First, decorate your altar table — you may have already gotten it set up during the End of Harvest rite or for the Ritual for Animals. Decorate your altar with family photos and heirlooms. If you have a family tree chart, place that on there as well. Add postcards, flags, and other symbols of the country your ancestors came from. If you’re lucky enough to live near where your family members are buried, make a grave rubbing and add that as well. In this case, a cluttered altar is perfectly acceptable — after all, each of us is a blend of many different people and cultures.
Have a meal standing by to eat with the ritual. Include lots of dark bread, apples, fall vegetables, and a jug of cider or wine. Set your dinner table, with a place for each family member, and one extra plate for the ancestors. You may want to bake some Soul Cakes.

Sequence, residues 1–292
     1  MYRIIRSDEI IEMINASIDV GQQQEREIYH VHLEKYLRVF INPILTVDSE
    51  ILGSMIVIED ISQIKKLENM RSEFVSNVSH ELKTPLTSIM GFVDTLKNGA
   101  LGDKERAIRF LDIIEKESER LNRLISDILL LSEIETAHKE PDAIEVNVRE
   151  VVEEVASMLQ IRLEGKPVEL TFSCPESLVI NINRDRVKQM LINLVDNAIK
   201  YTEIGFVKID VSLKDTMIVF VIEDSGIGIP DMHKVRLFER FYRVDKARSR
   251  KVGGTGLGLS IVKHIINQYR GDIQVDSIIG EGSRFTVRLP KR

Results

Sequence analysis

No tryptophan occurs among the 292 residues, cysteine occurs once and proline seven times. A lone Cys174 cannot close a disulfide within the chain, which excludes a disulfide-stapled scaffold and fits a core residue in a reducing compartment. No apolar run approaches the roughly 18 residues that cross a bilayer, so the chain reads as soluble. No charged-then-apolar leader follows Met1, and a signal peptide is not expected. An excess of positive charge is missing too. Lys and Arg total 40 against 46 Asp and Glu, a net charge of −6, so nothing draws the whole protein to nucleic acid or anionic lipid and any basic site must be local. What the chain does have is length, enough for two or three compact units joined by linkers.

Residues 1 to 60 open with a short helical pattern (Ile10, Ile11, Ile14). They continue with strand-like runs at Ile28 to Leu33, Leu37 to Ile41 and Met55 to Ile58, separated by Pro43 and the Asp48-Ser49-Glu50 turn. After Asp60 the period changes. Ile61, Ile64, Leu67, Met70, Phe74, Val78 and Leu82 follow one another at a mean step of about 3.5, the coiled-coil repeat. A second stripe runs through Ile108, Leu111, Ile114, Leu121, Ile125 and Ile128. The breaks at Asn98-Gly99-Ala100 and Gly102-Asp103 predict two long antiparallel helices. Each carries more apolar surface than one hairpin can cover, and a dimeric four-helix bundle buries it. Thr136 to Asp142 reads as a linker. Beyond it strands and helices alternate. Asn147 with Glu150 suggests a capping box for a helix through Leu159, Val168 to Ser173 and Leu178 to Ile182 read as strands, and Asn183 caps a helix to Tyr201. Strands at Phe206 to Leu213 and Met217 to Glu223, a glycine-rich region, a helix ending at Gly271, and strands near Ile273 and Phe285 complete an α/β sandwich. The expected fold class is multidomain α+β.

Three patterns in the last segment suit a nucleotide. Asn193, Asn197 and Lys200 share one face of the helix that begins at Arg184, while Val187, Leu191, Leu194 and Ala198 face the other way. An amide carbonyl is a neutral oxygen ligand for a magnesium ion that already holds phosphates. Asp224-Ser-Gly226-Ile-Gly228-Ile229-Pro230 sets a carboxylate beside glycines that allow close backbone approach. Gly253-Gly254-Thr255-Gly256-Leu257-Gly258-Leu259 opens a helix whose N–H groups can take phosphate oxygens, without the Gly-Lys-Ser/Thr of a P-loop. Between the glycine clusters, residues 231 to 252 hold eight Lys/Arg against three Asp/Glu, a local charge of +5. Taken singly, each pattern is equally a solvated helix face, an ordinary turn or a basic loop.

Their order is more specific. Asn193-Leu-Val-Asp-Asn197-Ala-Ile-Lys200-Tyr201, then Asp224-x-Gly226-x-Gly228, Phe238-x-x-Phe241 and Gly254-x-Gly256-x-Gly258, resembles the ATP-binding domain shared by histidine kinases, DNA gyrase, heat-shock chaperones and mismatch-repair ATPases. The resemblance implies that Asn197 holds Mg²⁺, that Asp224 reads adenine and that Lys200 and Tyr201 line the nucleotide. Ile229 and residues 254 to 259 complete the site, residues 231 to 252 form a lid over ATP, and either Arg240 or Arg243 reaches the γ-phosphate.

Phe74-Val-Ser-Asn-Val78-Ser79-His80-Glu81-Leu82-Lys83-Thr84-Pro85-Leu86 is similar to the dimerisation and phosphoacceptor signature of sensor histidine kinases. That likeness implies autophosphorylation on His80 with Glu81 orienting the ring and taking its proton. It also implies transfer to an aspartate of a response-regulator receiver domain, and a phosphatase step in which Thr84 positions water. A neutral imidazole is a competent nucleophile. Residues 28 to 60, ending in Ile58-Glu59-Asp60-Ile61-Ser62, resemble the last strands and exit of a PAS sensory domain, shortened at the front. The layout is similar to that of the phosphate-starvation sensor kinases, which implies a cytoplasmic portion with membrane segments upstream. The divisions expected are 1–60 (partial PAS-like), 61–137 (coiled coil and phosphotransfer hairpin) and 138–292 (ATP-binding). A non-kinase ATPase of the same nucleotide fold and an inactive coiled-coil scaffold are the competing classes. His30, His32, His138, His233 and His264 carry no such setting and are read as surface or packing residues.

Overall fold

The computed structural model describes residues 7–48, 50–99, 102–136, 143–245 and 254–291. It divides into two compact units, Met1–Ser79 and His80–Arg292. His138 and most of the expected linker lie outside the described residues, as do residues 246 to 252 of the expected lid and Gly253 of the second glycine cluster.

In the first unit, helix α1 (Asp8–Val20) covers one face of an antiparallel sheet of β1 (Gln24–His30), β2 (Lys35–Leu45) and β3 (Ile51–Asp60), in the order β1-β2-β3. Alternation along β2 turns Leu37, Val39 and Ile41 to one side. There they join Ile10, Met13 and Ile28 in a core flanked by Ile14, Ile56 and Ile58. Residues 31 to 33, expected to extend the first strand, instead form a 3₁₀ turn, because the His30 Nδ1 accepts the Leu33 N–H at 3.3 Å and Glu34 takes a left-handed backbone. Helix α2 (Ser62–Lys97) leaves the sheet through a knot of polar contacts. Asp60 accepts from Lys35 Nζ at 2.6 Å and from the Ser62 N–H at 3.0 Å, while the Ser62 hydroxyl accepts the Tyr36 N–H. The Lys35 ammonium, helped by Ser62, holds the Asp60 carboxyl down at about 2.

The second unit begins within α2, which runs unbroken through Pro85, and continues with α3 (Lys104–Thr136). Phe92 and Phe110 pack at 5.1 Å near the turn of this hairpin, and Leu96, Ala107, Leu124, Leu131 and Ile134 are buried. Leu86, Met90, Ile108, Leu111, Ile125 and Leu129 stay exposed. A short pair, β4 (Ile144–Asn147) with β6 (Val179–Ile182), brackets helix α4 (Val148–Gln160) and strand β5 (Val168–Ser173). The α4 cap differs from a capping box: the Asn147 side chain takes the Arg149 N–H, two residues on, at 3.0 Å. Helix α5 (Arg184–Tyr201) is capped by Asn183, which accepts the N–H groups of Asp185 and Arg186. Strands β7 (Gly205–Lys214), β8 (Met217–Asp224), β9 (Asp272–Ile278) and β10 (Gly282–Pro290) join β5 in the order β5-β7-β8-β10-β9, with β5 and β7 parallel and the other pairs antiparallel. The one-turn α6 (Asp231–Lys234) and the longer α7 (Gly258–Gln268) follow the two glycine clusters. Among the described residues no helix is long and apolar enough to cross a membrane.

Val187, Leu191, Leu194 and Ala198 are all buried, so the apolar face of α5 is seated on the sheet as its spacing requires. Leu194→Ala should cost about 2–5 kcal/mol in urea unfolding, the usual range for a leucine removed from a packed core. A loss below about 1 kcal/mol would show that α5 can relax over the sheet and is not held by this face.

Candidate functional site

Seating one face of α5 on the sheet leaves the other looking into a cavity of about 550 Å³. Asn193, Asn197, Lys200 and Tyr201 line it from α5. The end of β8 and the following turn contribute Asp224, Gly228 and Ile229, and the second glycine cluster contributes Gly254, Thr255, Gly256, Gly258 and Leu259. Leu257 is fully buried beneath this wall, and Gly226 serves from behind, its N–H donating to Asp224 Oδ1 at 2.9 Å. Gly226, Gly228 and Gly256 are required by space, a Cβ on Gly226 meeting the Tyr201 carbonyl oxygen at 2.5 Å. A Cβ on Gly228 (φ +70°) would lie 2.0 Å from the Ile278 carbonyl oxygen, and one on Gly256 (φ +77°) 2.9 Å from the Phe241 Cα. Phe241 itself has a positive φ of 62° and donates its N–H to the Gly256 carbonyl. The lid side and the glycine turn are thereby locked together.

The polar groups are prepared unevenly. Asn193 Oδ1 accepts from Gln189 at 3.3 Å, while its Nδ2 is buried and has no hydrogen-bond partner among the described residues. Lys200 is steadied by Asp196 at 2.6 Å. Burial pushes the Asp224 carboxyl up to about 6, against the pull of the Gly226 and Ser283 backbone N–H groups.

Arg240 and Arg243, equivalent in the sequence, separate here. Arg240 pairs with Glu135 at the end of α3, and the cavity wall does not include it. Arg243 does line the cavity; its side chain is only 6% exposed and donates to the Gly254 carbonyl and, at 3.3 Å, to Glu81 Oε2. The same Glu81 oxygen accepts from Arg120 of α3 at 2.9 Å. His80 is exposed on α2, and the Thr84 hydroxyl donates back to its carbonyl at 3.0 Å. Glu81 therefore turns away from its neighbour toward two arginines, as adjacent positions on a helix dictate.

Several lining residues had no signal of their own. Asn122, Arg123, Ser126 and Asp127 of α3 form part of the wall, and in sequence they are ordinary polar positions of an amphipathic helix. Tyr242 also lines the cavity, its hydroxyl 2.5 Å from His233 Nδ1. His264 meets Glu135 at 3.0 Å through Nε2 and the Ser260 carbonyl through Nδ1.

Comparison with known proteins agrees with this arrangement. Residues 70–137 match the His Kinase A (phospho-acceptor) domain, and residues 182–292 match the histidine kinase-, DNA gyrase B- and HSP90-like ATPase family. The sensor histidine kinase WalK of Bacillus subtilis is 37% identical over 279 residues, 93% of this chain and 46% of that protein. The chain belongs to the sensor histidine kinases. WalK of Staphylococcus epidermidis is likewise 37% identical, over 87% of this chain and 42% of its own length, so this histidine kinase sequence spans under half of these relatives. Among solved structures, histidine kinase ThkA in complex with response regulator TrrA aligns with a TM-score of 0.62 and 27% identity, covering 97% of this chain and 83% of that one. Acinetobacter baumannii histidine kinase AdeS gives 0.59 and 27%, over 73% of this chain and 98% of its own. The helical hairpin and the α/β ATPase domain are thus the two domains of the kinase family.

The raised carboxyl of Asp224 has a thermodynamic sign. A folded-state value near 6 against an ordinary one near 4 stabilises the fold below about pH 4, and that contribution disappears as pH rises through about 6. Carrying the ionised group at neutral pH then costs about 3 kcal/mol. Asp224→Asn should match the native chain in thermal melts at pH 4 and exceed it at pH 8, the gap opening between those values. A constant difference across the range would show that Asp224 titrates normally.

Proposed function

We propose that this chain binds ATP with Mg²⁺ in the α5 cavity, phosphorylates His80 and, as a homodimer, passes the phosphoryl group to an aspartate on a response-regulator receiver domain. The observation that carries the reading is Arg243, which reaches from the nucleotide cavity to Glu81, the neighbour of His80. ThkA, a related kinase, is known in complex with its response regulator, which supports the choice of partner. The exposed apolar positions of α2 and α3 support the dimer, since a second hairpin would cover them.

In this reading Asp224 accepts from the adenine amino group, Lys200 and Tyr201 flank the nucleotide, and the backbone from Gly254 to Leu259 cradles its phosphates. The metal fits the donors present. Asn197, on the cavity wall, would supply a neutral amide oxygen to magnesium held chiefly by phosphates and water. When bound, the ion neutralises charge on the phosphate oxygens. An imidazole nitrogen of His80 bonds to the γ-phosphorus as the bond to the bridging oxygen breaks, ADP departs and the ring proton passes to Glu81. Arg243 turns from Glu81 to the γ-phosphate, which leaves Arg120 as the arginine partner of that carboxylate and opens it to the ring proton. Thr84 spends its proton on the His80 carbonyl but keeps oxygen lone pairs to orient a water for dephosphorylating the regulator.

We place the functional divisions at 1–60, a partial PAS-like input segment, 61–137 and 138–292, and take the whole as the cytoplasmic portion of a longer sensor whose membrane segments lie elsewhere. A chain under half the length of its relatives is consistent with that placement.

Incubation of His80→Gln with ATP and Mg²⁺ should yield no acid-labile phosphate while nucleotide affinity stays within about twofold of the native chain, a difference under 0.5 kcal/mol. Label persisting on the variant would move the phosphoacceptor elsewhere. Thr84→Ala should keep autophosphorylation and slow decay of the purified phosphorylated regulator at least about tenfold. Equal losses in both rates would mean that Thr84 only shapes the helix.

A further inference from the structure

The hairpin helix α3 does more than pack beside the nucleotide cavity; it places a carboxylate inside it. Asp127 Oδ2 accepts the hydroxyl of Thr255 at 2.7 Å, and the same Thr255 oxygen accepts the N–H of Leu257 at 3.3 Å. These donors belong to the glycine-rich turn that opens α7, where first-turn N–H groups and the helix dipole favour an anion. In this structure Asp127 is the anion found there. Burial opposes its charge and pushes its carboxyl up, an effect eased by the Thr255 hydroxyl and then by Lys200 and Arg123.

If your family has household guardians, include statues or masks of them on your altar. Finally, if a relative has died this year, place a candle for them on the altar. Light candles for other relatives, and as you do so, say the person’s name aloud. It’s a good idea to use tealights for this, particularly if you have a lot of relatives to honor.
Once all the candles have been lit, the entire family should circle the altar. The oldest adult present leads the ritual. Say:
This is the night when the gateway between
our world and the spirit world is thinnest.
Tonight is a night to call out those who came before us.
Tonight we honor our ancestors.
Spirits of our ancestors, we call to you,
and we welcome you to join us for this night.
We know you watch over us always,
protecting us and guiding us,
and tonight we thank you.
We invite you to join us and share our meal.
The oldest family member then serves everyone else a helping of whatever dishes have been prepared, except for the wine or cider. A serving of each food goes on the ancestors’ plate before the other family members recieve it. During the meal, share stories of ancestors who are no longer among the living — this is the time to remember Grandpa’s war stories he told you as a child, tell about when Aunt Millie used salt instead of sugar in the cake, or reminisce about summers spent at the family homestead in the mountains.